Team Fortress 2 is a fun game and one of the first with support for the Oculus Rift VR headset. But why stop there? The Omni is an omnidirectional treadmill which allows users to move within the device and have that motion translate into computer input. This means that running, strafing, and apparently jumping in your containing vessel will control a videogame character.
How the heck they expect to Scout double-jump? Beats me.
The company is currently in preparation for a Kickstarter crowd-funding campaign. Under the assumption that no trickery is going on, this could be a leap forward for VR.
Perhaps a small-business arcade might like to get a few gaming PCs set up? To me, it sounds like an interesting novelty previously reserved for theme parks and traveling mall demonstrations. If it works as planned, it might even be a better technology.
Still no word on price or predicted availability, but I expect that will come soon.
Subject: Editorial, General Tech, Displays | April 22, 2013 - 05:34 PM | Scott Michaud
Tagged: LG, ips, hack
Operators are standing by...
Of course Apple is not a primary manufacturer of LCD panels; like everyone else, they buy their panels from someone like LG. Due to how much Apple loves IPS technology, which I cannot blame them for, they in fact do purchase their displays from LG.
If you have an itchy soldering iron, so can you.
According to EmertHacks, the LG part number for retina iPad screens is LP097QX1-SPA1. The blog post states that he could find the panel for as cheap as $55, but my own digging game up with costs between $60 and $200 plus shipping. These panels are mostly destined to iPad repair shops, but you can give it a better home.
With under $20 of other parts, this panel could be attached to a DisplayPort connection. All said and done, you could have a 2048x1536 9.7" display with an 800:1 static contrast ratio for about $70.
Subject: General Tech | April 22, 2013 - 02:04 PM | Jeremy Hellstrom
Tagged: opteron, history, get off my lawn, amd, 64-bit
AMD64 arrived a decade ago with the launch of the first Opteron processor in April of 2003, back in the days when NVIDIA made motherboards and ATI was a separate company. In those days AMD looked like serious competition for Intel as they were out innovating Intel and competing for Big Blue's niche markets as they were first to cross the GHz line and the first to offer a 64bit architecture on a commercially available platform. At that point Intel actually licensed AMD64, re-branded it as x86-64 and used it on their Xeon processor line, a huge victory for AMD. Unfortunately there was not much in the way of consumer software capable of taking advantage of 64-bit architecture and unfortunately remains so to this day, apart from peoples ability to benefit from the enlarged RAM pool allowed. Take a walk down memory lane at The Inquirer, and remember the good old days when AMD was prospering.
"A DECADE AGO AMD released the first Opteron processor and with it the first 64-bit x86 processor."
Here is some more Tech News from around the web:
- Intel pushing adaptive all-in-one PCs with new components @ DigiTimes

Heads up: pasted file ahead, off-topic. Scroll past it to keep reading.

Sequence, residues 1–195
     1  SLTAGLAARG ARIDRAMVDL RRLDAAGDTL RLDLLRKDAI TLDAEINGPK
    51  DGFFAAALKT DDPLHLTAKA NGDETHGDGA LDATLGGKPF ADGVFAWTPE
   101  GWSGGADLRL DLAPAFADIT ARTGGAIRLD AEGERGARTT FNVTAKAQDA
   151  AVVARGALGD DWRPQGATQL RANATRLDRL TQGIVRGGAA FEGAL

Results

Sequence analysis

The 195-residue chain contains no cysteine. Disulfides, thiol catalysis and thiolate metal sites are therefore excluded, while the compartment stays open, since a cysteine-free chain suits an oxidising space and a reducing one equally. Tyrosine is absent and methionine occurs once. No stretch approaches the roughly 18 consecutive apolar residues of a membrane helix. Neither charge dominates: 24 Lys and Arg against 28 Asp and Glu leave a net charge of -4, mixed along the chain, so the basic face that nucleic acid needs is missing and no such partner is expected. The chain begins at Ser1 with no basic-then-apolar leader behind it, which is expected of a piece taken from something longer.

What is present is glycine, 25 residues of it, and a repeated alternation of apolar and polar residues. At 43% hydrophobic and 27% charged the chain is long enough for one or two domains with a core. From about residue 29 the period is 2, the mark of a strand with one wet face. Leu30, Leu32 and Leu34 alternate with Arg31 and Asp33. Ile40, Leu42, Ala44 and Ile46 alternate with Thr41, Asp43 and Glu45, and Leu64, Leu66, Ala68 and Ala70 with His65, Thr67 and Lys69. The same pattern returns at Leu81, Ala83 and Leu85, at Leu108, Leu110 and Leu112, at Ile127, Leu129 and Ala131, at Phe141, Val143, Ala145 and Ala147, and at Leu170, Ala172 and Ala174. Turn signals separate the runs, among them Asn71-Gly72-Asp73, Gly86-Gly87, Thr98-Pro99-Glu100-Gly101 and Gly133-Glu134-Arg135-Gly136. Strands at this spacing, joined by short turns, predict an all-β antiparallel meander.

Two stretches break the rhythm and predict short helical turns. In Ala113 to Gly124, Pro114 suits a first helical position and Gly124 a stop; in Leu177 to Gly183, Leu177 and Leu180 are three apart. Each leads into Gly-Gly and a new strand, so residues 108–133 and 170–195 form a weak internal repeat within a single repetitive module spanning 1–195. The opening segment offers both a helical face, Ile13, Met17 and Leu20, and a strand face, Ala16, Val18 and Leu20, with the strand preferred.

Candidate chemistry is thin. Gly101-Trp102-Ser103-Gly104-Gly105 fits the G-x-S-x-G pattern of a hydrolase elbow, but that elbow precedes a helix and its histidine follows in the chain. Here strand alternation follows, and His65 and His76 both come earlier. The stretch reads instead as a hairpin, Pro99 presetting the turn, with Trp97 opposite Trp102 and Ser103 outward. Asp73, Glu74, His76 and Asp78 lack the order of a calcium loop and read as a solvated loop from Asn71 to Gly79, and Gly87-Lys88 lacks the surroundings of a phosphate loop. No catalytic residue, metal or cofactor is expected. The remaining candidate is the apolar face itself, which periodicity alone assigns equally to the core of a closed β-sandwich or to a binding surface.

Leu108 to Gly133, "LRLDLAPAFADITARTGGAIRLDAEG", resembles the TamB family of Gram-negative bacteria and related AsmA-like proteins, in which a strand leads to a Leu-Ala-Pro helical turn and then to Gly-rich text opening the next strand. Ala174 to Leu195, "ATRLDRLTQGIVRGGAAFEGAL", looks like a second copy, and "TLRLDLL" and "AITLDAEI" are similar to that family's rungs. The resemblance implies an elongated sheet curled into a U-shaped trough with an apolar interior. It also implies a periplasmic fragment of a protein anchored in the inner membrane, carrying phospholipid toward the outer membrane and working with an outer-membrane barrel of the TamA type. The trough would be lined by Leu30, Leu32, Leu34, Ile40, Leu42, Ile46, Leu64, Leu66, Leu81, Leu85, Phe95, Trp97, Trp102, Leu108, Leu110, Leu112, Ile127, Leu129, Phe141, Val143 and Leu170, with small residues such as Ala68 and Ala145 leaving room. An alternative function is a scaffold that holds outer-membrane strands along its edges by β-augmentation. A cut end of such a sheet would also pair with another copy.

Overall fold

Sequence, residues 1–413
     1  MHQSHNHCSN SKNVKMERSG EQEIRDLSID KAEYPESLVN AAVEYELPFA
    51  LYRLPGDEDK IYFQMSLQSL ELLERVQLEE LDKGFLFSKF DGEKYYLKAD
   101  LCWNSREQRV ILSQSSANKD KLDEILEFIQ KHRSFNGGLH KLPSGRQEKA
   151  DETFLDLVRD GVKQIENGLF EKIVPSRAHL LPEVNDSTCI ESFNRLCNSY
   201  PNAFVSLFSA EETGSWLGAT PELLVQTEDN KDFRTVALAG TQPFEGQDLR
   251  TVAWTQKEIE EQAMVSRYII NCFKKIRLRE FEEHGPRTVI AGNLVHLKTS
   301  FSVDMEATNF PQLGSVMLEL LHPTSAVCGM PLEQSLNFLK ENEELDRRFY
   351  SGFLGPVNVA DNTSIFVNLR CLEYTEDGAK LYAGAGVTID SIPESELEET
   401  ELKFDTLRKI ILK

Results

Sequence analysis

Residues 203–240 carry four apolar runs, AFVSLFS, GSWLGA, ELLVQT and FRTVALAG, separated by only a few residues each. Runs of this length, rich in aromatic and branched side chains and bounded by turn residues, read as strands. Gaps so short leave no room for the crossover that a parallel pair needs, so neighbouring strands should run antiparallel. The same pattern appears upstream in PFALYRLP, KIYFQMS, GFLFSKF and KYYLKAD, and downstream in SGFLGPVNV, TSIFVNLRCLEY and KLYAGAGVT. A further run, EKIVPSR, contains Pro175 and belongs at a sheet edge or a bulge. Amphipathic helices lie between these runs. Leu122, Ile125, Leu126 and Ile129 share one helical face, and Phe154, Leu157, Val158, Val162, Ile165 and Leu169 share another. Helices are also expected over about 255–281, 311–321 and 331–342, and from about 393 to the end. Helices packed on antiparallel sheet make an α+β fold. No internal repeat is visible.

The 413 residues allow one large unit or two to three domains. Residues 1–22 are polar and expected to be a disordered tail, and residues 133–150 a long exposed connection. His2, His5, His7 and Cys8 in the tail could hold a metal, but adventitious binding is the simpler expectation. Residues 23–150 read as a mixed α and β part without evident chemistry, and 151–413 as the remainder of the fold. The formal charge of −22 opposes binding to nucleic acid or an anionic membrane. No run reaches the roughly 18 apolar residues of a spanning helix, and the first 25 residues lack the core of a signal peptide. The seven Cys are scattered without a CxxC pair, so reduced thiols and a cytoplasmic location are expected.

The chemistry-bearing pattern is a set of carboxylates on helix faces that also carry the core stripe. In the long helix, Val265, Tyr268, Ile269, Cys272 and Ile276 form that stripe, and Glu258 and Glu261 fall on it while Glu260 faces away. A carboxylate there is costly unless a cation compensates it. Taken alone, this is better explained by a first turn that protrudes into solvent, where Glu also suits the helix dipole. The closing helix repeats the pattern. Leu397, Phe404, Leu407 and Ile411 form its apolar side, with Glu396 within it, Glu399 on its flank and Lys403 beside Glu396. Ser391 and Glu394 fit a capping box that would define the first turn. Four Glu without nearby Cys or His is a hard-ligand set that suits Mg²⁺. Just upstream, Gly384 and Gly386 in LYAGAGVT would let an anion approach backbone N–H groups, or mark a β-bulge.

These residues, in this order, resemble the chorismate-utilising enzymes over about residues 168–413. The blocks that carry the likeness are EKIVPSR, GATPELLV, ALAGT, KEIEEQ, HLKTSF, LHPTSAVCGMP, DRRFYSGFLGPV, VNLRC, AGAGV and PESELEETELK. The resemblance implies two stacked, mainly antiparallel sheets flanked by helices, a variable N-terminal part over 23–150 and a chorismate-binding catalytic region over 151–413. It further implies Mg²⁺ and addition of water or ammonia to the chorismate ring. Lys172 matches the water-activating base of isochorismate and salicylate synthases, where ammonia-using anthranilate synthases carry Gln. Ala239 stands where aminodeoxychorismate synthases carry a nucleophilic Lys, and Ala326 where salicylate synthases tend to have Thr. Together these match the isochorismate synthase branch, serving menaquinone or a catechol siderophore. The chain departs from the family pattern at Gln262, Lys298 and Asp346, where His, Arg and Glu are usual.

- ASUS PCE-AC66 review: 802.11ac via PCIe @ Hardware.info
- Garmin nuvi 2597LMT Review @ TechReviewSource
- The TR Podcast 132: BioShock, bundles and big SSDs
Subject: General Tech | April 22, 2013 - 01:18 PM | Jeremy Hellstrom
How does 500GB of bandwidth saturating SSD for a mere $0.65/GB sound to you? The Samsung 840; yes, the non-Pro version which will have little to no effect on observable performance, is a mere $325 from LogicBuy today. Since it is the 500GB model you not only experience increased speed over smaller model, you actually have a large pool of available storage without a sceond HDD. Your desktop or laptop will love you for this!
Deal Description: Samsung 840 Series 500GB SATA 6Gb/s 2.5" SSD
BuyDig offers Samsung 840 Series 500GB SATA 6Gb/s 7mm 2.5" SSD (MZ-7TD500BW) for $324.99 ($0.65/GB) with free shipping. You save over $125.00 from retail list price.
Today Western Digital launched a new line of Hard Disk Drives. The Xe is very similar to their VelociRaptor, with the same 2.5"-3.5" heat sink adapter plate. The primary difference, however, is these units feature Dual Port SAS connectivity.
The new drives feature a 5-year warranty and will come in 300, 600, and 900GB capacities. With SAS HDD's becoming scarce lately, there is a definite gap developing in existing legacy SAS systems. We're glad to see a lower power SAS-connected 10,000 RPM offering to help bridge that gap.
Subject: Editorial, General Tech, Systems | April 20, 2013 - 07:36 PM | Scott Michaud
Tagged: windows, start button, Metro
The latest rumors, based on registry digging and off-the-record testimony, claims that Windows 8.1 will including the option of booting directly into the desktop. A bold claim such as this requires some due diligence. Comically, the attempts to confirm this rumor has unearthed another: the start button, but not necessarily the start menu, could return. On the record, Microsoft also wants to be more open to customer feedback. Despite these recent insights into the future of Windows, all's quiet with the worst aspect of modernization.
Mary Jo Foley, contributor to ZDNet and very reliable bullcrap filter for Microsoft rumors, learned from a reliable source that the Start Button might have a place in the modern Windows. Quite the catch while fishing to validate a different rumor; she was originally investigating whether Microsoft would consider allowing users to boot direct to desktop via recently unearthed registry keys. Allegedly both are being planned for at least some SKUs of Windows 8.1, namely the Professional and Enterprise editions.